Max Siker/BadgerNation

Senior Corey Clement rushes for 164 yards but can't convert late fourth-and-1 in Wisconsin's 38-31 defeat to Penn State

In Saturday's championship notebook, hear from tailback Corey Clement about his success (and failure), Wisconsin failing to capitalize early in the second half and more.

INDIANAPOLIS – Behind an offensive line that has hit its stride over the second half of the season, senior tailback Corey Clement pounded his way for tough yards and sprinted for a 67-yard touchdown in the first quarter to put Wisconsin up 14-0.

It was the yard he didn’t get, however, that had him frustrated.

Rushing for 164 yards on 21 carries, Clement couldn’t move the sticks on a fourth-and-1 from the Penn State 24, the final offensive play for the Badgers in a 38-31 upset at the hands of No.8 Penn State.

“It's just all about who wanted it more,” Clement said. “And it's one yard.  Either got it or didn't.  But I'm pretty sure that everybody on the field laid it out on the line for that last play.”

Clement was one of Wisconsin’s impact players throughout the opening half. On Wisconsin’s opening drive, a 14-play, 81-yard march that chewed up eight minutes on the clock, Clement carried the ball eight times for 26 yards, grinding out a few yards at a time.

On UW’s next drive, Clement broke a run outside the left tackle and – with the help of a downfield block by receiver Quintez Cephus – into the end zone to make the score 14-0.

After two drives, Clement had 98 yards rushing.

“It starts up front,” Clement said. “Those guys did a heck of a job making adjustments every time they got a chance to snap the ball.  So my hat's off to the o-line for doing their prep earlier in the week which allows my patience to connect with those guys.

“It's all about being relaxed and patient with this o-line, because they work in such a fantastic way that you have to allow them to set up the blocks the way they needed to.”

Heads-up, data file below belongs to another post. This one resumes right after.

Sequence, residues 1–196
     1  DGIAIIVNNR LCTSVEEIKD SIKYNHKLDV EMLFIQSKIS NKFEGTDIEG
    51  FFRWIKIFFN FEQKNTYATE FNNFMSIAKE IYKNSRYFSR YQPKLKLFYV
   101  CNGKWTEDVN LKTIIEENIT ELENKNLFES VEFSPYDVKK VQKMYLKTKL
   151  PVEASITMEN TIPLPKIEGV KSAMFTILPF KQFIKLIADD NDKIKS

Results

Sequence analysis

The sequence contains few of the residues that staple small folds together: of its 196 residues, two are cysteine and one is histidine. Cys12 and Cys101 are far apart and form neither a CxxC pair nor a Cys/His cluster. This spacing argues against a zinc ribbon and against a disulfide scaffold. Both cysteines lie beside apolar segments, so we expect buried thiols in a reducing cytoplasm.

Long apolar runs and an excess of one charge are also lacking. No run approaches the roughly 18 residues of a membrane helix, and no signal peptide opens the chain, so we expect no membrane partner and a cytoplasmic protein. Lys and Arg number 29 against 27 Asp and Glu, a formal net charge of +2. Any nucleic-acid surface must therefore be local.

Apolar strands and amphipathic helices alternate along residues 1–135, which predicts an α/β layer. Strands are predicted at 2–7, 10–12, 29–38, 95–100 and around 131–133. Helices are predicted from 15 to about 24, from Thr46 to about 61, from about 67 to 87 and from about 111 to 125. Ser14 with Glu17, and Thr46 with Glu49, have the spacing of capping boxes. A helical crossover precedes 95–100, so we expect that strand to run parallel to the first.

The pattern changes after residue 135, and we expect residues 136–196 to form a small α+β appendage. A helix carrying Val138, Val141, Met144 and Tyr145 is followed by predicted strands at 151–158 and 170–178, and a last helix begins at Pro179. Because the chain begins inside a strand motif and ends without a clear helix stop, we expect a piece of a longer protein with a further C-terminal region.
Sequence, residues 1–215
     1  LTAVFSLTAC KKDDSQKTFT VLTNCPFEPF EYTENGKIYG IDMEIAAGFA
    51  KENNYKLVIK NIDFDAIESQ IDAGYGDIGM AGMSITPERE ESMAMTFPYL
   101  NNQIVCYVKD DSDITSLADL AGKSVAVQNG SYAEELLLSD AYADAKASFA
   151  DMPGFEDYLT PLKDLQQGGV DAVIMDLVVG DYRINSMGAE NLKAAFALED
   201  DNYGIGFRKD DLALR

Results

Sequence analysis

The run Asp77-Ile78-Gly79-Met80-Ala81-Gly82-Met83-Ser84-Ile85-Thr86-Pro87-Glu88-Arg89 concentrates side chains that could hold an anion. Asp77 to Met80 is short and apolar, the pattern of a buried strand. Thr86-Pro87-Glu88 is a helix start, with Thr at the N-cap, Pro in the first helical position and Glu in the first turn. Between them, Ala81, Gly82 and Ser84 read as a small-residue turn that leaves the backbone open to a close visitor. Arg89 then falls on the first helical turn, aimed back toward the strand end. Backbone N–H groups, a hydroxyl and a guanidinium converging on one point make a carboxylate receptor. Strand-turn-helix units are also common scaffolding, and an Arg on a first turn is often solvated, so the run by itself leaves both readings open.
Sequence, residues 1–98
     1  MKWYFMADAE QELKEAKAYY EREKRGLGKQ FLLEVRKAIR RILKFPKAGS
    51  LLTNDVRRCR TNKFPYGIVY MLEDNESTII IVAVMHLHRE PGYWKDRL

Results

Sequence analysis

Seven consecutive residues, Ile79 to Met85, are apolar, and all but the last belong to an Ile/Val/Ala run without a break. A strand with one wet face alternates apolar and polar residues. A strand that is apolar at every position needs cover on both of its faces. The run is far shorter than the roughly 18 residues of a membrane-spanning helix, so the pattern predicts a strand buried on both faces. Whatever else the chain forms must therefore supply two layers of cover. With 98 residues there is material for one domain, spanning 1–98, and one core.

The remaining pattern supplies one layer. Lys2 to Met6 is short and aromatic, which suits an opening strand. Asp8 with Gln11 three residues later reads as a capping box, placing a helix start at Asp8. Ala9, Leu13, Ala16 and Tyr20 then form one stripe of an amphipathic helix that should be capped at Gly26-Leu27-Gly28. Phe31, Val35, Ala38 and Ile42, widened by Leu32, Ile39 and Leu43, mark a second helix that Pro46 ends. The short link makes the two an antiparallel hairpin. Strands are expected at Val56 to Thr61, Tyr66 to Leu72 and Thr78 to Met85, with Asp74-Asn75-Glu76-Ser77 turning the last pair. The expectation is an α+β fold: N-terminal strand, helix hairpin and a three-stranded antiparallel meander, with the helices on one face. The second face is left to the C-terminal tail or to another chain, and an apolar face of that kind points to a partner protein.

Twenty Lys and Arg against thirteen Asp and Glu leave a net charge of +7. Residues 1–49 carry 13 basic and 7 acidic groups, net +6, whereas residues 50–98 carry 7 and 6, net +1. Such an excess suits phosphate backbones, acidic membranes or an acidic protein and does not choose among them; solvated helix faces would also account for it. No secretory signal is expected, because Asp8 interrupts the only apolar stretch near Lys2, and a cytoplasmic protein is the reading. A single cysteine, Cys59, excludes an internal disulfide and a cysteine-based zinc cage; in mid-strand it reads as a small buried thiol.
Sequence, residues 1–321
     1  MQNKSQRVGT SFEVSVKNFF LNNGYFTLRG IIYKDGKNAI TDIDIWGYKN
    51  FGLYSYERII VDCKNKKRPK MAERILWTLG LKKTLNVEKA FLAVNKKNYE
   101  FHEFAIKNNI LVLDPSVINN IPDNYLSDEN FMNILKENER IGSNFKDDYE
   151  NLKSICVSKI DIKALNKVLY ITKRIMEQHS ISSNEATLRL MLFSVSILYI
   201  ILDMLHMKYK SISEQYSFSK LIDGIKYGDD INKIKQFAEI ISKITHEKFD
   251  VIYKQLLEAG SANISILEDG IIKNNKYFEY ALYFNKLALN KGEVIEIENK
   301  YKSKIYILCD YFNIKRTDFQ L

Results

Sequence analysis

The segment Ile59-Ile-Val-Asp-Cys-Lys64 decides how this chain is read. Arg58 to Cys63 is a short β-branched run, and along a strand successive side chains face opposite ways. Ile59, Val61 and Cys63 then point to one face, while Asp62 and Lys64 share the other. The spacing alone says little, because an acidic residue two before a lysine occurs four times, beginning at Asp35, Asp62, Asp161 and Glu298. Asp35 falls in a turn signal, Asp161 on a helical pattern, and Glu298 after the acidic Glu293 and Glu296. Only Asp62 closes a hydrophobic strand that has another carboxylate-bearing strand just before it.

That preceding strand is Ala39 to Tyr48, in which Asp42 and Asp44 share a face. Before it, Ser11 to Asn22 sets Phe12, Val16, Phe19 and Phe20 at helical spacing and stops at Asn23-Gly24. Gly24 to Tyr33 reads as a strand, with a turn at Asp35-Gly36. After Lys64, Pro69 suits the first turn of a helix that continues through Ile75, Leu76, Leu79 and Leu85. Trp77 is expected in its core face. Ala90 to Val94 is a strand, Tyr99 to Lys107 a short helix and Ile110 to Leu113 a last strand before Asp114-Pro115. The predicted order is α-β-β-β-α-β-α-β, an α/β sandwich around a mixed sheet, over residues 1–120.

Even when things started going south for the offense in the third quarter, Clement still delivered production, carrying the ball five times for 33 yards. Redshirt freshman Bradrick Shaw carried seven carries for 44 yards in the quarter to keep the senior fresh.

But UW couldn’t commit to the ground game in the fourth quarter after Penn State took its first lead in the opening minutes. On Clement’s final carry, the senior looked to hit a gap between the right guard and right tackle, but left guard Jon Dietzen appeared to get caught up in the traffic as a pull blocker and fullback Austin Ramesh couldn’t hold his block on Grant Haley, who delivered the stop for no gain.

Clement rushed for at least 100 rushing yards for the seventh time in the last eight games and boosted his career rushing total to 3,021, putting him 12th on the school’s career individual rushing yardage list

“He’s a big-time player in a big-time game,” center Michael Deiter said. “You expect that out of a guy like that. He put the offense on his back when he had to, and he did a great job of that. He gave us a chance to win the game. Just fell short of it. Proud of him the way he played.”

Missed Opportunity in Second Half

Even though Penn State started to turn the momentum into its favor with a late first-half touchdown, Wisconsin’s offense – which churned out 230 yards and 21 points in the first half – was getting the ball to start the second half and could make an emphatic statement with an early touchdown.

They couldn’t deliver.

Although Wisconsin first three plays went for eight, 14 and 19, the offense could manage only four yards on the next three run plays and couldn’t convert on points when senior kicker Andrew Endicott missed a 48-yard kick wide right.

“Super frustrating,” Deiter said. “You have a pretty solid drive, you’re moving the ball, you get down there and hoping to get three out of it. We just had to do a better job of finishing … When we cross the 50, your mindset has got to change. You’ve got to get hungrier. You got to make sure you come away with points or it’ll come back to bite you, like it did.”

After converting its two red-zone opportunities in the first half into touchdowns, Wisconsin ventured into Penn State’s red zone only once in the second half. UW had to settle for a 23-yard field goal when pressure from defensive end Garrett Sickels forced quarterback Bart Houston to miss a wide-open Troy Fumagalli just short of the goal line.

“We were hitting in the first quarter and the start of the second quarter, and we just never really got back to it,” Deiter said. “And the defense never got back into a groove either. We have to figure out why and fix those things.”

Extra Points: Both listed as questionable entering the game, Conor Sheehy (right arm) and quarterback Alex Hornibrook (head) did not play … Junior defensive end Alec James was not listed on the injury report but did not play, further depleting the defensive line … Ryan Connelly’s 12-yard fumble return for a touchdown was only the third defensive TD cored in a Big Ten title game (Ohio State’s Joey Bosa in 2014, Wisconsin’s Marcus Cromartie in 2012)


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